The Self-Medication Theory of Drug Addiction

The Self-Medication Theory of Drug Addiction

Last update: 20 September, 2018

Since the beginning of time, human beings have been looking for medicinal plants or wanting to consume substances with curative or recreative purposes. This might be the reason why so many people consume psychoactive substances nowadays.

This habit is part of the beliefs and ideas of each era regarding health and diseases. For example, at the beginning of the twentieth century, people saw addicts as lazy and despicable beings who didn’t have enough willpower to control their impulses.

Khantzian, a psychoanalyst who treated addicts at Harvard University, began to think about the reason why addicts consumed said substances. This author developed the self-medication theory, which says that the main cause of substance consumption is the person’s inability to tolerate negative states.

Currently, substance abuse is a great public health problem. It has a great impact on society and major social, judicial, and political implications. That’s why people thoroughly research the causes and the consequences of addiction.

Individual of self-medication theory.

What does the self-medication theory consist of?

While studying his patients, Khantzian observed that all of them had consumed at least three different psychoactive substances before developing the dependence or addiction they were going to be treated for. At that moment, the author wondered why they chose those drugs instead of different ones. Then, he came to a conclusion. Depending on the underlying psychiatric disorder that each patient suffered from, they chose the drug that relieved their psychopathological symptoms the most. 

For example, a shy businessman turned to alcohol to increase his sales. Likewise, a teenager with anger issues ended up consuming heroin to better control their impulses. They all tried drug after drug, until finding the one that was most effective for them. But, of course, the abusive consumption of the substance ended up producing another problem: addiction

As of now, to establish the diagnosis of substance use disorder according to the DSM-V, patients must present two or more of the following criteria for a period of at least 12 months:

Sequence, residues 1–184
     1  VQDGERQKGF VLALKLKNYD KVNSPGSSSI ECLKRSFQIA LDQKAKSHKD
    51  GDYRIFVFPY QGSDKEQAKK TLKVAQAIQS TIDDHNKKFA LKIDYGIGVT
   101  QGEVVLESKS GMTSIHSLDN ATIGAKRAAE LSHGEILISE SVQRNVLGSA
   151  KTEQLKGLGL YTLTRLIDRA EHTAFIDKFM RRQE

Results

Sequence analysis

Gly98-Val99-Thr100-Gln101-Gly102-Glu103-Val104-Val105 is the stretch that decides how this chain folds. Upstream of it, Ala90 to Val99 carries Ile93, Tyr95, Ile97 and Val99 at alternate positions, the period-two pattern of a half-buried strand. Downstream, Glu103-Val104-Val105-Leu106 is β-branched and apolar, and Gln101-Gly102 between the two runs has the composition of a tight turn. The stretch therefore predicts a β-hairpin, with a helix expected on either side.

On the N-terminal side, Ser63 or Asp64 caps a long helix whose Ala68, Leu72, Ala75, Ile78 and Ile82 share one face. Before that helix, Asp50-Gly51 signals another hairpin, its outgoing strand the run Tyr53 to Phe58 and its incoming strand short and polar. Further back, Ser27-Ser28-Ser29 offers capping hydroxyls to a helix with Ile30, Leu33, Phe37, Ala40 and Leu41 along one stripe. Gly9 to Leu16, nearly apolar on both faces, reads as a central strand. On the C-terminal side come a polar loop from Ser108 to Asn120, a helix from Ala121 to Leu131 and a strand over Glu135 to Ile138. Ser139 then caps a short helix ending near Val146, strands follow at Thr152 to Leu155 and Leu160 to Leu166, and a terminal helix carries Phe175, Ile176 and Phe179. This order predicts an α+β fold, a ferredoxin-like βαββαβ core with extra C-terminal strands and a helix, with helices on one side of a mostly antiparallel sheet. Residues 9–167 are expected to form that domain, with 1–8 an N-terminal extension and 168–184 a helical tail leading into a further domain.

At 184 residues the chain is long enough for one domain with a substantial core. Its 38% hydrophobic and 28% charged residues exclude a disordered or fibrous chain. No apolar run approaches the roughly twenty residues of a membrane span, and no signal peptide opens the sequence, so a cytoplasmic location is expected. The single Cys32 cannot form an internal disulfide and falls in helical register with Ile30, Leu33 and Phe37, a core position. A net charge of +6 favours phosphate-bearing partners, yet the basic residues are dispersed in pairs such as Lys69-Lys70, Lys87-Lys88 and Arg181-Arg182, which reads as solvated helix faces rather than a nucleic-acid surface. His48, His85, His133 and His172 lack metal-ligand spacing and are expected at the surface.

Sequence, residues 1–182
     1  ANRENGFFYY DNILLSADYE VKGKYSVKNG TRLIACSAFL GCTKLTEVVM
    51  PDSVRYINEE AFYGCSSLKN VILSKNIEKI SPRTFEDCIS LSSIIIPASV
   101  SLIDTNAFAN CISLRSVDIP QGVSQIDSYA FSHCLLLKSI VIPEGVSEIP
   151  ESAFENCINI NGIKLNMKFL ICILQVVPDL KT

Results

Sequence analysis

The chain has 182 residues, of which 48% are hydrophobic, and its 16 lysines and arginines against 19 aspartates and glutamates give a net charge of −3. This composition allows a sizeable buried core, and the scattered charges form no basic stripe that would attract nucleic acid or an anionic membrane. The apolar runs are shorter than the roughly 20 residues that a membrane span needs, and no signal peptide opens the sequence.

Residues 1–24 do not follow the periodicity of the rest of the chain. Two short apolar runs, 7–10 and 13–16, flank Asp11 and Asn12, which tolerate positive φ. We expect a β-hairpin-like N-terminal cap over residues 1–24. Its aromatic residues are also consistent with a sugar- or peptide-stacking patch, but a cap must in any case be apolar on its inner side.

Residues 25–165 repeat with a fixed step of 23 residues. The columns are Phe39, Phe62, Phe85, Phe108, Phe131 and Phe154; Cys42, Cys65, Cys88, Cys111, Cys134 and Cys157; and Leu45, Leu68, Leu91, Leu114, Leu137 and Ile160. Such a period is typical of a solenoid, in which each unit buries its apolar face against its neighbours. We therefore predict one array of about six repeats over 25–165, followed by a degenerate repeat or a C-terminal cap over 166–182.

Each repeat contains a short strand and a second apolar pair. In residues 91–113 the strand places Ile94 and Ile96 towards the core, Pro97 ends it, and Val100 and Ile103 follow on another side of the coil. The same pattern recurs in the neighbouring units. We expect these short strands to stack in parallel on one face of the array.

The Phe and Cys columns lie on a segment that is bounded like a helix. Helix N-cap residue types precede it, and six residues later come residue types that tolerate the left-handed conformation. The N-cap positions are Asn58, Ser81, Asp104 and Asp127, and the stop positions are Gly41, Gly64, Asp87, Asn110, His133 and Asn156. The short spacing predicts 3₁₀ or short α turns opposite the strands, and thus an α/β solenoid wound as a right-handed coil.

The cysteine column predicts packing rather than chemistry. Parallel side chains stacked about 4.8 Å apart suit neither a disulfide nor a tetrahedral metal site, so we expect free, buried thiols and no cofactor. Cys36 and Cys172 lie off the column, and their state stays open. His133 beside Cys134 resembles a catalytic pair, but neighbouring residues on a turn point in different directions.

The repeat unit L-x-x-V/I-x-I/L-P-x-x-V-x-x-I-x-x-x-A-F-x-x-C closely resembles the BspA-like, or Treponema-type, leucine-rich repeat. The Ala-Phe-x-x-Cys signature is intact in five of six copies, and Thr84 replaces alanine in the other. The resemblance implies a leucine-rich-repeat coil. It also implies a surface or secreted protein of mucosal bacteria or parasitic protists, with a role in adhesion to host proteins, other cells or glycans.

• Consumption of large quantities of substances for a longer period than expected.
  • Insistent desires to regulate or stop the consumption, plus failed efforts to quit.
  • Investing a lot of time trying to get the drug, consuming it, or recovering from it.
  • Intense desire to consume the substance.
  • Recurring consumption can make them neglect their academic, work, or domestic duties.
  • The consumption may continue regardless of the recurring problems it might have caused or exacerbated in their interpersonal life.
  • Abandoning important social, occupational, and recreative activities due to the substance consumption.
  • Continuous consumption despite knowing that it might exacerbate or originate physical or mental issues.
  • Tolerance.
  • Withdrawal.
A sad addict.

Is there evidence to back the self-medication theory?

As we previously explained, according to the self-medication theory, patients who develop disorders as a consequence of their substance abuse do so because they suffer from psychopathological disorders that, directly or indirectly, lead them to consume substances as a way of self-treatment. 

This hypothesis is based on the discovery of opioid receptors in the central nervous system:

  • Any substance can produce an effect on the CNS that involves interacting with specific brain structures.
  • The substance itself (such as heroin or cocaine), repeatedly acting on said brain structures, triggers a series of changes that make the individual an addict.

Although this hypothesis was initially proposed for opiates and psychostimulants, it also applies in the case of alcohol. There’s data for and against the self-medication theory. Investigators have found partial evidence in patients with schizophrenia, as well as patients with personality disorders.

In addition to Khantzian’s theory, other hypotheses have historically been considered as well. In fact, the debate is still going on as of now. What’s evident is that every patient is different. Therefore, each patient needs an individual diagnosis and treatment. The fact that this theory is backed by some scientific evidence doesn’t mean that all patients who are drug-dependent have other pathologies.

“We’re all just a bunch of addicts, struggling with our drug of choice.”

-J. M. Storm-

This text is provided for informational purposes only and does not replace consultation with a professional. If in doubt, consult your specialist.